Rob Hart's right hip looks like it's in place but a titanium ball that now forms part of his hip means he beeps when he goes through airport security.

Terrace resident seeks answer to airport security problem

Rob Hart refused clearance because there was no male officer to do a pat down

  • Thu Aug 13th, 2015 5:00am
  • News

A LOCAL man who missed his flight to a family wedding and holiday back east because there wasn’t a male security employee on duty that day to do a pat down has been promised an explanation by federal authorities.

Mostly, says Rob Hart, he wants to make sure that what happened to him doesn’t happen to anyone else.

Hart wasn’t surprised when the metal detector went off in the Northwest Regional Airport’s screening area the morning of July 27.

He had surgery in February 2014 to partially replace his hip and it was common for airport detectors to pick up his new titanium ball which now fits into his normal socket.

The screening procedure then is to do a physical pat down but that couldn’t be done because there was no male security employee on duty.

And that meant Hart was refused screening clearance and subsequently his flight to Vancouver where he was to take a connecting flight to Ontario.

Hart said suggestions that a female screener could do the pat down in the presence of his wife or having an RCMP officer do it were rejected.

Hart was to fly Air Canada and its airport employees were as taken aback as he was of the situation, he said.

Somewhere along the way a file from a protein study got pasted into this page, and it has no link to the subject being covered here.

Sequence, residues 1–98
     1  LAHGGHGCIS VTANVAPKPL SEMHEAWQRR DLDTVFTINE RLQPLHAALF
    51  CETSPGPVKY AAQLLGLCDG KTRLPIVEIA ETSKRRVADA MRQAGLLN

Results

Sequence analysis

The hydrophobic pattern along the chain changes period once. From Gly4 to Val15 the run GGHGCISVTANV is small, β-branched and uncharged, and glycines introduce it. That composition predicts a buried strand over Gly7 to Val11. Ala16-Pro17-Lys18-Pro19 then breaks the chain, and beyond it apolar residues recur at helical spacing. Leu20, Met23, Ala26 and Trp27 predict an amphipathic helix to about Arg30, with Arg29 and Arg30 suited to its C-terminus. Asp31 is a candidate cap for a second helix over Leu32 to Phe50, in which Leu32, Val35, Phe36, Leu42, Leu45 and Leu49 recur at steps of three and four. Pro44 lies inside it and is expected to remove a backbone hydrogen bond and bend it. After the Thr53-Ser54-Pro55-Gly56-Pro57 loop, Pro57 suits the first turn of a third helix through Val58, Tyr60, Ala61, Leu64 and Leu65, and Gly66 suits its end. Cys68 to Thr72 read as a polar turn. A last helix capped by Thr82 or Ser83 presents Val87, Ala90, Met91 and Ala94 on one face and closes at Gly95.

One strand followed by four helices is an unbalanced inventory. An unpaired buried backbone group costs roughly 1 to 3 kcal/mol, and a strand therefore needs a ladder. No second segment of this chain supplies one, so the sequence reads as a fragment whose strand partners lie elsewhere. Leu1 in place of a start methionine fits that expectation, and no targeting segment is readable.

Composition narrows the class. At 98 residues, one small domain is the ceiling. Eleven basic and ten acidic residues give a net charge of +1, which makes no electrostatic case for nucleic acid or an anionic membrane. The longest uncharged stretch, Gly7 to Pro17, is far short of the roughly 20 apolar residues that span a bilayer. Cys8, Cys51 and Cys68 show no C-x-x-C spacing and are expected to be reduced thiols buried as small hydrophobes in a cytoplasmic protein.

“They checked with their supervisor and they said the policy was that a female could do the pat down but the screening people said ‘no,’” said Hart.

“I might understand that they didn’t have a male on duty, but what I don’t understand is that there was no Plan B,” added Hart.

“I think what bothered me is the mindless approach. There was no attempt at problem solving; never any recognition we’re putting a citizen out here.”

Airport screening across Canada is the responsibility of the federal Canadian Air Transport Security Authority and in places such as Terrace, the service is contracted out to a private company.

Hart said screeners told him and others that any cost to him of having to rebook a flight when there was a male officer on duty was his problem and not theirs.

Screeners gave him a CATSA contact card with a toll-free number should he wished to make a complaint.

Hart’s wife did go ahead without him and Air Canada rebooked him on a later flight the same day when a male screener was on duty.

But that meant he missed his original connecting flight in Vancouver, had to wait for six hours and then take a red-eye back east.

“Air Canada said they’d try to upgrade me for that flight, but it was so full I was surprised I got on at all. I would have flown baggage,” said Hart.

He estimates he’s $100 out of pocket in addition to having to wait in Vancouver and a sleepless night on a red-eye flight.

Just back from his holiday, Hart called the CATSA toll-free line only to discover Air Canada had already contacted the agency and it had an open file.

“I was told to expect to hear something the end of this week or next week,” he said today.

“What this is is a small town issue. You wouldn’t find this in a larger town where there are more security personnel on duty. But that just means you need to find a way to do security in smaller town airports,” Hart added.

“It’s their job to ensure there is security; not to impede someone on their journey.”

A section on the CATSA website concerning pat downs does provide details on how they are conducted.

“A physical search: Is always done by a screening officer of the same gender as the passenger,” reads one passage.

But the section is silent on whether a search can done by a person of the opposite gender.